Covering that vast country you have a plethora of state and federal laws that help or hinder cultural organisation to raise money from private sources, mostly in the shape of tax incentives. The UK has few such incentives and thus far the DCMS and the Treasury have announced no firm or coherent plans to introduce any.

Size also plays a part in the competitive nature of actually raising money. A mid-scale theatre company in New York State will be unlikely to try and tap the same funding sources as a mid-scale dance company in Washington State, some 3,000 miles to the west.

In the UK it's safe to say that arts organisations in Liverpool, Newcastle, Brighton, Manchester and Birmingham are all going to be going after the same potential sources of sponsorship. To put it simply, this country isn't big enough to stop everybody from every art form bumping into one another as they seek out private sponsors.

The We're Gonna Ignore The Fact That Companies Already Do This Gambit

If you have ever filled out an application for funding from ACE then you will be well aware of the fact that the funding monolith does not fund any project to 100% of its cost and they never have.

Even if your company is an NPO/RFO you don't get all the money you need to operate.

All arts organisations raise money from other sources, in some cases dozens of sources, so they can carry out their activities.

Most of this money comes from local authorities, charities, foundations and development agencies. It's somewhat ludicrous of ACE and the DCMS to think that for the last twenty years or so everybody has been willfully ignoring the £25Million ACE claims they will be able to raise over the next four years when Catalyst Arts starts running.

The Match Funds Gambit

Some of the money from the program is going to be used for match funding. If you get money from a sponsor then ACE will, if your application is successful, match that sponsorship money with some of their own. So far so good.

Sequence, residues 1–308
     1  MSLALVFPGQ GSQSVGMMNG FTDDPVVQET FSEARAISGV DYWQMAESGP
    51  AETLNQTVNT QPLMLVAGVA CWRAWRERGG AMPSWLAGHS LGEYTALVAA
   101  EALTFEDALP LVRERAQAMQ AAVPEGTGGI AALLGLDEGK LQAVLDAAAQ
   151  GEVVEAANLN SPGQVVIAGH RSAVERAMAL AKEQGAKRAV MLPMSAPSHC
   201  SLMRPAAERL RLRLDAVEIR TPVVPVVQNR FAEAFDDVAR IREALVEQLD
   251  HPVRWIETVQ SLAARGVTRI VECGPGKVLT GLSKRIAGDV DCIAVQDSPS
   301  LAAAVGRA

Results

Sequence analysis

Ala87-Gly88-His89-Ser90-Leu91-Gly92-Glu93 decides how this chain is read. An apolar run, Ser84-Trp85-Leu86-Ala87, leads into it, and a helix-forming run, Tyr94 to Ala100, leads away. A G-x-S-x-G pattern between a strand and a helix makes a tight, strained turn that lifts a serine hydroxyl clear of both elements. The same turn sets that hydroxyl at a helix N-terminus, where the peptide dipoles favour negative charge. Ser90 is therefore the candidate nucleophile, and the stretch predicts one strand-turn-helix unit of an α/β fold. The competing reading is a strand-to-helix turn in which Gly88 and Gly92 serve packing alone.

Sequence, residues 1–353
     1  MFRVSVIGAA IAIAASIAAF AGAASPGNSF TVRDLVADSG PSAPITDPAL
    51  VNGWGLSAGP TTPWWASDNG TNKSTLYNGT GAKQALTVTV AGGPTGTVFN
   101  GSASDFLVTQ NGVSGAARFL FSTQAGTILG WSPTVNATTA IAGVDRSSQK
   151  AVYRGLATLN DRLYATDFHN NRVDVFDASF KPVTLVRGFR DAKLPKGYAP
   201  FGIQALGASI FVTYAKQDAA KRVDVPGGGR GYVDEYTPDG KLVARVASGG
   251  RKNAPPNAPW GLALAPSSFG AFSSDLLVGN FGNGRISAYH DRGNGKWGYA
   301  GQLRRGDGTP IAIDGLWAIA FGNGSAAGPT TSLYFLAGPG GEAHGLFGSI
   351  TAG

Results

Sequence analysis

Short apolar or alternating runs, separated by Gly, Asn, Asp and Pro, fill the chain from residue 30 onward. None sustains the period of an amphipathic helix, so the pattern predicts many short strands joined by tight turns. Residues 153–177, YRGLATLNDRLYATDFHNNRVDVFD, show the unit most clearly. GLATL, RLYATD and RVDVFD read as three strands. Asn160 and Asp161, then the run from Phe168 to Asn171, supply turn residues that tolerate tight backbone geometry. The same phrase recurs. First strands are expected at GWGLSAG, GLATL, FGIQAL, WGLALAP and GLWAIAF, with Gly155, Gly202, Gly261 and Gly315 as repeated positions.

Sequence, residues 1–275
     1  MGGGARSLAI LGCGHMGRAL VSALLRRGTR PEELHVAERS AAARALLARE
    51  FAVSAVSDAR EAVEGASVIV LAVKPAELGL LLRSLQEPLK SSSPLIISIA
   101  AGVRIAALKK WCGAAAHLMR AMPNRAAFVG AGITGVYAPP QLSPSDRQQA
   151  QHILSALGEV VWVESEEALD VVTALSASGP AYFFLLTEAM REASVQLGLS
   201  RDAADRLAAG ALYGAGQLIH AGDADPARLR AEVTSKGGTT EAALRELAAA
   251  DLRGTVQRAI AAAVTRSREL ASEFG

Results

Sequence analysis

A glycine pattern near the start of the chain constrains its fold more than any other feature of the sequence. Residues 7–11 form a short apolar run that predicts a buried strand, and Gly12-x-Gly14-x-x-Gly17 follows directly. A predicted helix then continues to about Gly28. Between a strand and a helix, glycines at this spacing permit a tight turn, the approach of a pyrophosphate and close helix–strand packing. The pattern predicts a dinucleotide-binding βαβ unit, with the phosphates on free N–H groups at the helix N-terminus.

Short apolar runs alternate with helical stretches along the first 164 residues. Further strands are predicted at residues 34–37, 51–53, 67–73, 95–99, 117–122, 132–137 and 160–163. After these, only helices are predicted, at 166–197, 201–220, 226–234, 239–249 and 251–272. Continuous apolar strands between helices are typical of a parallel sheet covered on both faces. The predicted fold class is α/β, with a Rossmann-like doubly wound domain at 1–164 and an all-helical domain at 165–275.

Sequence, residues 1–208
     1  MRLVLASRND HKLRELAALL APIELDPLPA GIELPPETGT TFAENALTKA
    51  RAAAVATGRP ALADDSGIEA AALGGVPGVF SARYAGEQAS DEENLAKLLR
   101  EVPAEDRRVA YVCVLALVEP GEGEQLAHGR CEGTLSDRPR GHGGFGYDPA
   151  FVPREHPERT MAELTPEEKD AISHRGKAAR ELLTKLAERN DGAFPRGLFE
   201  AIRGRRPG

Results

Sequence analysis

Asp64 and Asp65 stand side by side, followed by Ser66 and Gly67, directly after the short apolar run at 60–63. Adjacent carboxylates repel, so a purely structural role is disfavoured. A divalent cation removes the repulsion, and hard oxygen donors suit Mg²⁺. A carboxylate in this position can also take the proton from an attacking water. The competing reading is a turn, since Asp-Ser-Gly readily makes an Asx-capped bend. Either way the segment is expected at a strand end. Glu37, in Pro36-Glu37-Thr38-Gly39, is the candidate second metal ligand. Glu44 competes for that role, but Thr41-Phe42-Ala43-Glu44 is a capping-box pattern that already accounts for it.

What's not clear is why this match funding is going to act as incentive to the potential sponsor. Why do they care that your company will get more money from ACE if they give you some of their money?

There is certainly an incentive for the company trying to raise the money but it won't make it any easier for them to get the sponsorship in the first place and that's the really hard part of the equation.

No More Gambits

From what we know at the moment Catalyst Arts doesn't seem to address any of the fairly serious issues outlined above never mind the fact that the arithmetic doesn't add up. Spending £40Million over 4 years and only guesstimating that you'll make an additional £25Million for the arts across a country of over 40 million people is a pretty poor investment.

Companies that recieve grants to employ fund raising "experts" won't be able to retain those experts without additional funding year on year. If the fund raising "expert" is raising money just so they can retain their own job then........ well, you get the point.

We feel sure that ACE will be able to explain all of this when and if they ever put somebody up for interview. Given their track record on NPOs, RFOs, Sustain and lot's of other big ideas there's probably not a great deal of confidence that the answers they give will make any sense.

  • Bang on in every respect. Re. the USA Gambit, it might be added that the current recession/depression has eviscerated the American arts scene because private donors understandably give less when they have less to give. And in America, there's virtually no meaningful state aid to help them when they fall. Such a Darwinian future for the arts is not to be wished for here.

  • Javier Stanziola

    Exactly.  The evidence (evaluation, academic research) suggests that these schemes tend to benefit large organisations or those with the funding or resources to engage in development.  Arts & Business' decades of matching grants) teach us that these schemes don't attract new money.  They tend to support projects that would have happened anyway (little or no additionality) or use existing staff as part of the match (adding 0 productivity or value to the organisations involved),Getting these schemes right require lots of monitoring & evaluation.  Or replacing them altogether with more indirect forms of support (such as tax incentives).So, the obvious question is, why try policies that we know don't work?  Why not use evidence to shape new policies?

  • Bernardrmartin

    Excellent article! An earlier (Tory) government thought commercial sponsorship would be the same sort of magic wand and set up ABSA (The Association for Business Sponsorship of the Arts) which, initially, matched sponsorship raised with an equal donation. It did little, in the long term to help arts organisations - especially the smaller or middle-scale ones and those based in places where there are few corporate headquarters.